I remember the first time I heard that word so clearly.
On 1 September 2018, I took my first steps into the building that would become my home for the next two years. It wasn’t the campus of the University that I had applied and been accepted to just the previous year, nor was it a Seminary where I would spend some time learning and growing.
No, it was the place where I had chosen to serve Sherut Leumi, the Ministry of Foreign Affairs. As I crossed through the doors, I immediately felt out of place. My American “business formal” outfit, my hard ל and soft ר, and my clear lack of understanding of the Hebrew language were definitely among the contributing factors. But the biggest difference was that while every other new Bat Sherut was being dropped off by her family members, who she would kiss goodbye and see at the end of the week, I walked in completely alone.
With a facade of confidence, I strode up the stairs to my office. When I walked in, my direct bosses greeted me with a smile and a welcome speech in English. But as I turned to set up my new cubicle I heard one boss whisper to the other
“היא הבת שירות שעשתה עליה לבד, אין לה משפחה קרובה בארץ…”
And the response?
“ וואי, מסכנה.”
מסכנה. A word that I’ve come to both hate and identify with. After a search on Morfix, I found out that it literally translates as “poor girl,” in other words, nebach. I felt a bit embarrassed that my bosses thought I was some pity case, but on paper it does seem like it. A young girl, alone in a new country, with no place to call home but her grimey Sherut Leumi apartment, saddled with all of the responsibilities of adulthood- when she could have been living the stereotypical American dream. But I figured that it was the first day, and I had yet to show them what I was made of- I would prove their presumptions wrong.
But as time progressed, I realized that it wasn’t going to be a fight-of-proof against just them.
Polina the janitor. Roni from the cafeteria. Naomie from the legal division. My rakezet, my roommates, my fellow bnot sherut. Each and every one of them has has had the same reaction when I tell them that I’m a בת שירות בודדה.
To my face? “וואי איזה אלופה(What a leader)!”
Behind my back? “איזה מסכנה (What a nebach case).”
Unfortunately, the infrastructure for Lone Bnot Sherut is wobbly. There is no budget for Bnot Sherut in Israel in general, let alone the small group of us from חו”ל. Our apartments are not equipped with the basic appliances and amenities that we were promised, but often are stocked with the ones that we weren’t- mold, grime, and power outages. We are externally looked up to but practically looked down upon by our Israeli counterparts, who perceive us as fools for leaving “insert-country-here”. There are few people to turn to when we get sick or have problems setting up our governmental and daily lives here. And when we are most in need of a hug, we have to wait until the next time we see a friend going through the same situations that we are encountering.
Us floundering and lonely 19-20 year olds are tasked with the almost impossible task of landing on our feet here in every aspect. And even when we do, we are still regarding as מסכנות solely because of what people perceive our situations to be.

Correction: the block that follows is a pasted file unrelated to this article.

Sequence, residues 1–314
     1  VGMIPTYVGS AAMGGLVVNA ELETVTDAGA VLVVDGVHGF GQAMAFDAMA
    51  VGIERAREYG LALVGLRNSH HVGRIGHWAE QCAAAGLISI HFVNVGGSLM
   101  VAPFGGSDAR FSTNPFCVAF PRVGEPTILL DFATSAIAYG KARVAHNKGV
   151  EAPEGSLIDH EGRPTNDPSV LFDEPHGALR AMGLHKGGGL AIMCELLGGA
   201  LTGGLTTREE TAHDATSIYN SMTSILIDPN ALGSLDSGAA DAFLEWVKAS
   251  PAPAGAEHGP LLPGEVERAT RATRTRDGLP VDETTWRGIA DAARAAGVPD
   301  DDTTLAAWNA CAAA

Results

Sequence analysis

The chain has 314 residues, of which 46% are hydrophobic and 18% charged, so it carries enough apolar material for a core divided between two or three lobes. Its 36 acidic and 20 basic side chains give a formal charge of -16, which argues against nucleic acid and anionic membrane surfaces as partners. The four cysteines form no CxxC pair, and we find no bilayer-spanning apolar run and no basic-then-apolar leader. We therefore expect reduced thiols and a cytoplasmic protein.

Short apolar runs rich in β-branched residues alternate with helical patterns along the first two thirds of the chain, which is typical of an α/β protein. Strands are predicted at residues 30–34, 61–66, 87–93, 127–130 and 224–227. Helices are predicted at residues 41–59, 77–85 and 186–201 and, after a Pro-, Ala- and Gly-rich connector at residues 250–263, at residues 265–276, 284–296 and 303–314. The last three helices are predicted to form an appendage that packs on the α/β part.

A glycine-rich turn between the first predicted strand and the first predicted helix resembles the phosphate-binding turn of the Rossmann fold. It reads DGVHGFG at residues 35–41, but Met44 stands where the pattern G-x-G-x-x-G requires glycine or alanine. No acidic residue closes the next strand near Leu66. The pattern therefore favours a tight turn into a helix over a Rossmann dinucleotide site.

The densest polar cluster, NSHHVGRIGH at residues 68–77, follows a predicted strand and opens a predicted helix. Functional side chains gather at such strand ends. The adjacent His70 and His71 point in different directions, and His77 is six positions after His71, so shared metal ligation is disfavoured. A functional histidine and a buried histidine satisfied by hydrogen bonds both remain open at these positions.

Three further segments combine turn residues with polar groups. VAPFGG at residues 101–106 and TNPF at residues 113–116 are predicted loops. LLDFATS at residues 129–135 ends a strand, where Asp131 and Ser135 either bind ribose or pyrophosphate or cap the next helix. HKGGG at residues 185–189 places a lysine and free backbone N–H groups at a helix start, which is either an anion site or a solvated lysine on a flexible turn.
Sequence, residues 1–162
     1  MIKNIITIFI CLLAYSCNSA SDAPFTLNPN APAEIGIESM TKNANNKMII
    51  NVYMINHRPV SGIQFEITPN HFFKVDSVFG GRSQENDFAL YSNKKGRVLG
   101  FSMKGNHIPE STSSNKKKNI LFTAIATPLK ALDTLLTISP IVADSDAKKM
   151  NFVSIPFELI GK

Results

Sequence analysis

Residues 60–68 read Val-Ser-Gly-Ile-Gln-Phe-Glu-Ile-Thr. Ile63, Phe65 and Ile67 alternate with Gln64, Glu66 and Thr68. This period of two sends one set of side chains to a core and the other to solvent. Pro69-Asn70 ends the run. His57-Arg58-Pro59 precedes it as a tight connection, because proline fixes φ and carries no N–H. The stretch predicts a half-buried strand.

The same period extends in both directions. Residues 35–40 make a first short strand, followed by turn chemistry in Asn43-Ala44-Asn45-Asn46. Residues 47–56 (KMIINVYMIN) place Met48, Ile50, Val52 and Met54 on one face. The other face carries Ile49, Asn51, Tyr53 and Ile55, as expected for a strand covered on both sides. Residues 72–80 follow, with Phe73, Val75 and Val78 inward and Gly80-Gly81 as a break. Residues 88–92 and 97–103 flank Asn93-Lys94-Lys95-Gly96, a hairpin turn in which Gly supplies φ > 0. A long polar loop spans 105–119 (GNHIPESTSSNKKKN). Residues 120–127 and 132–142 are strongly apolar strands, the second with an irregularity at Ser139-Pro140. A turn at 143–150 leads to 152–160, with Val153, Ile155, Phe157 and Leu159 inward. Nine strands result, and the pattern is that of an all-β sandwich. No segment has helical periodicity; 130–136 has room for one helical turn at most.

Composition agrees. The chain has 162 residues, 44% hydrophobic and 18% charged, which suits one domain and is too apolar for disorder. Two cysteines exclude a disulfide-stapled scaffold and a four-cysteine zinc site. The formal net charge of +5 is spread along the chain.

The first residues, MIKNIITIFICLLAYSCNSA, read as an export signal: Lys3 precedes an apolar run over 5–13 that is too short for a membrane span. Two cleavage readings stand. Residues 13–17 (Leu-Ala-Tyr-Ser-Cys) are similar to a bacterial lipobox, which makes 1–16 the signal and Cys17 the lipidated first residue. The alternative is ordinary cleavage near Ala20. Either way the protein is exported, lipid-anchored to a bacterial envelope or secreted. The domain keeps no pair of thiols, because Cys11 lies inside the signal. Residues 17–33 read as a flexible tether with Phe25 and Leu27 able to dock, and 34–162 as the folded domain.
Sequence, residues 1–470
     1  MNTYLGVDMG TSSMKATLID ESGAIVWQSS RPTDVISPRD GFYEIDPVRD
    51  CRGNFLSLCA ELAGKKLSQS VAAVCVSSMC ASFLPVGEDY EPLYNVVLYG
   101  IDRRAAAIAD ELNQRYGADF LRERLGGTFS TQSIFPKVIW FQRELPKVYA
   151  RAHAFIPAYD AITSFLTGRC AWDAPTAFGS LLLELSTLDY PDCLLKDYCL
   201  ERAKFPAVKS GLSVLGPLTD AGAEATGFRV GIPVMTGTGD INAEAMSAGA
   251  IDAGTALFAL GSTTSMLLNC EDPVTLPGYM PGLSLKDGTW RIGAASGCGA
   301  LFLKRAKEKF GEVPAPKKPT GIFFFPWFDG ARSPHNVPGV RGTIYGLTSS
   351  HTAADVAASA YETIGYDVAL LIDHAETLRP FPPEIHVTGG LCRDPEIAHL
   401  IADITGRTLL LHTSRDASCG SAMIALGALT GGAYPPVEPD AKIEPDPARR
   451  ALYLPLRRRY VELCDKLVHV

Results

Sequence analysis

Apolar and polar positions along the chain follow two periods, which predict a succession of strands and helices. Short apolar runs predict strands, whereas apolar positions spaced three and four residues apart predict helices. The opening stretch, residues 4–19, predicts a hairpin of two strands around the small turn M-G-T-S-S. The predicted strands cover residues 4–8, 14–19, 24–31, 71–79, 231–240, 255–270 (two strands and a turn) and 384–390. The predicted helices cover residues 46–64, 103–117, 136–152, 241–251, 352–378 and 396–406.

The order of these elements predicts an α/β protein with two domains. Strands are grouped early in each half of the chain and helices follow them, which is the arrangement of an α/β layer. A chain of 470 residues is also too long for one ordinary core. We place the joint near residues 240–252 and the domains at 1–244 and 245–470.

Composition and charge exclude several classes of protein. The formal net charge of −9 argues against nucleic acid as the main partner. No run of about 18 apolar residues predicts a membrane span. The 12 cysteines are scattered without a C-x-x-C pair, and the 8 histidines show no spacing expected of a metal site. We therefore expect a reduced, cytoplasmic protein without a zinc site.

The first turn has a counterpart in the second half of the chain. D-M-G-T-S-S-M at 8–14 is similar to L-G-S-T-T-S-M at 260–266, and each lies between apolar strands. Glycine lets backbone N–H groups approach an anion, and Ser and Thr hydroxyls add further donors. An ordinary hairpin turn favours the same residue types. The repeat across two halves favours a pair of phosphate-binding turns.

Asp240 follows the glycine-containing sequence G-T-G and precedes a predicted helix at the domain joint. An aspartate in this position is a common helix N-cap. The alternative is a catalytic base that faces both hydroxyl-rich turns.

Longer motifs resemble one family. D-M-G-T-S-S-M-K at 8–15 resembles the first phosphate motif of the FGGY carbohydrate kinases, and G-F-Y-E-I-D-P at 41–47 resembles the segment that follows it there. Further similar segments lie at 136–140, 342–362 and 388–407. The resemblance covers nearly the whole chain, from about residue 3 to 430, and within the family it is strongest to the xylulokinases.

It’s time for that to change.
I and many other girls serving the country here have fallen into the trap set for us the second that someone calls us מסכנה- we believe it. We complain and stress over things that are totally worthy of complaint and stress, but fail to recognize that the power to overcome these issues and inconveniences is within our grasp. Like the Jewish slaves in Egypt, we have begun to adopt that same perspective the general public has of us- we are stuck, powerless, and alone.
I’m not saying that this will be an easy fix. Everyone who has written pieces prior to this one has voiced valid opinions. Trust me, I’m in the situation too, and I can tell you with no doubt that the next year and a half of my service will have some frustrating and sucky parts to it. I will still struggle over my hebrew, my apartment will still be gross, and I will still be here as a בודדה.
But I will not take any of it sitting down.
When my dad came to visit a few weeks ago, I told him the story of how the janitor for my wing of the Ministry still calls me מסכנה. He thought it was funny at first, because I never was a “weak” kid- always with a stubborn streak and capability to make things work in my favor. But then he started to get frustrated- who are they to put me in a box? To deem me as “poor girl” before they even see what I’m made of?
As I hugged him goodbye before he headed back to the States, he whispered the following to me
“Don’t listen to them. You are strong, you are capable, and you are made of thicker stuff than you know. Redefine what מסכנה means, so that when they write your biography, מסכנה will be the title.”
Lone Bnot Sherut live on the periphery of the Israeli public’s vision. They will not be buying us mold-free apartments, paying us more than our meager salary, or even ensuring that we can get to the doctors office on our ימי מחלה. And though that isn’t fair, it is the reality.
Yes, the infrastructure is wobbly- but it is up to current and past lone bnot sherut to fortify it. We need to realize that there are things that are within our control, and that we can band together to support ourselves and each other against the things that are not. We need to make our voices heard by the organizations that will actually listen. We need to network amongst ourselves to ensure that the future Lone Bnot Sherut don’t encounter the struggles and hardships that we may have had to. We need to stop complaining and start doing.
And most importantly? We need to redefine מסכנה.